Thursday, June 1, 2023

Emotional wellness

Guided Imagery

Guided imagery, also referred to as Guided Affective Imagery, or KIP, Katathym-imaginative Psychotherapy, uses mind-body training or mind-body intervention techniques to help the patient to visualize mental images. It is a quick and easy technique to manage and reduce Stress. An instructor or teacher helps you visualize vivid images that evoke the senses of touch, vision, hearing, taste, and smell through verbal instructions or audio recordings or even through the patient’s imagination or inner voice.

There are two techniques or methods to generate images in our minds. These are:

  • Voluntary
  • Involuntary

Voluntary imagery comprises either remembering or reproducing images from past memory or creating entirely new ones from imagination. Whereas involuntary imagery refers to the natural response of the mind to seeing or hearing something, i.e., when the person sees or hears something and can retain the image or sound in their mind.

Guided imagery refers to the first kind, i.e., the voluntary technique of creating and imagining images and perceptual sensations in the brain from the patient’s long term or short-term memory or their imagination with the aid of instructions from the guide or therapist. Guided Imagery is therapeutic and helps patients to focus on specific tasks and images and take their attention away from the Pain and stress, thereby reducing the intensity of their suffering. It has been found to alleviate Stress from the body and mind rather quickly and efficiently and helps the patient get in touch with their subconscious mind.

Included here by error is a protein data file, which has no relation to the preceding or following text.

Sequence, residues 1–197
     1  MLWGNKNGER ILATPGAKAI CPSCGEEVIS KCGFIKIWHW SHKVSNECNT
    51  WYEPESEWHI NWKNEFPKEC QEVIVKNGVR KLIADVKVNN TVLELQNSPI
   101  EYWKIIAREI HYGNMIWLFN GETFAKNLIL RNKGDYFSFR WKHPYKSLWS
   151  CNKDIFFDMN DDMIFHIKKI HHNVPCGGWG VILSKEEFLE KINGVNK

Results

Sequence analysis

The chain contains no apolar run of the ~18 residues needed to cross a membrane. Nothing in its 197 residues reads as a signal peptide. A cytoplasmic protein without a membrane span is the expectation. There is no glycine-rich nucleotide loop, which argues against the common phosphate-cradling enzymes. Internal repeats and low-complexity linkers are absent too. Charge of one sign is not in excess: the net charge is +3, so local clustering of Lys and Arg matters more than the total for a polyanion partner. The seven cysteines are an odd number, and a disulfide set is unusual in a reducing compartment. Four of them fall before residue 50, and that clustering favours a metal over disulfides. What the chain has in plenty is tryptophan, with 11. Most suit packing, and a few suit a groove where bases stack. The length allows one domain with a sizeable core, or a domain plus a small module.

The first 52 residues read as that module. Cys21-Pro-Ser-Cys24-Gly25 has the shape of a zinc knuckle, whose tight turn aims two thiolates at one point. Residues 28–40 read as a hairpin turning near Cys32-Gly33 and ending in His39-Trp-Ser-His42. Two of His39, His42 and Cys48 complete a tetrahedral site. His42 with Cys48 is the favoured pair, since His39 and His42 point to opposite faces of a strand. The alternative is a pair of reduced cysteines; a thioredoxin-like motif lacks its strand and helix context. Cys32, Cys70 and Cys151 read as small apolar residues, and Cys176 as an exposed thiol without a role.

Usually, the therapist will narrate or play a Guided Imagery recording for the patient that helps them imagine some sort of a scene that evokes all of their senses, i.e., vision, hearing, touch, smell, and taste. It could be a scene on the beach next to the waves where you can see the beautiful waters and the horizon, hear the waves, smell the sea salt, feel the sand and the tides between your toes and even taste the salt in the air. This allows the patient to enter into a deeply relaxed state, making them forget their worries for the moment and bring down their Stress and Anxiety levels. More organizations are realizing that Guided Imagery may also help with reducing Nausea and vomiting, which results from Chemotherapy and reduce Anxiety levels before radiation therapy, but there is not enough solid evidence for the same. But its positive effects on the mental and emotional wellness of the patients are well substantiated. For example, one particular study found that relaxation using Guided Imagery for one week significantly helped reduce anxiety, stress, depression, insomnia, and other psychological distress symptoms as well as physical symptoms in patients with Breast Cancer.

Guided imagery is a relatively simple technique and can be practiced anywhere when a person is feeling stressed or going down a spiral of overthinking and overanalyzing. But it is not easy to master on one’s own. The patient will need help and training from the guide or teacher first before they can start practicing it on their own. At, we provide well-trained in-house Guided Imagery teachers to help patients with their recovery process, as part of our integrative oncology programs.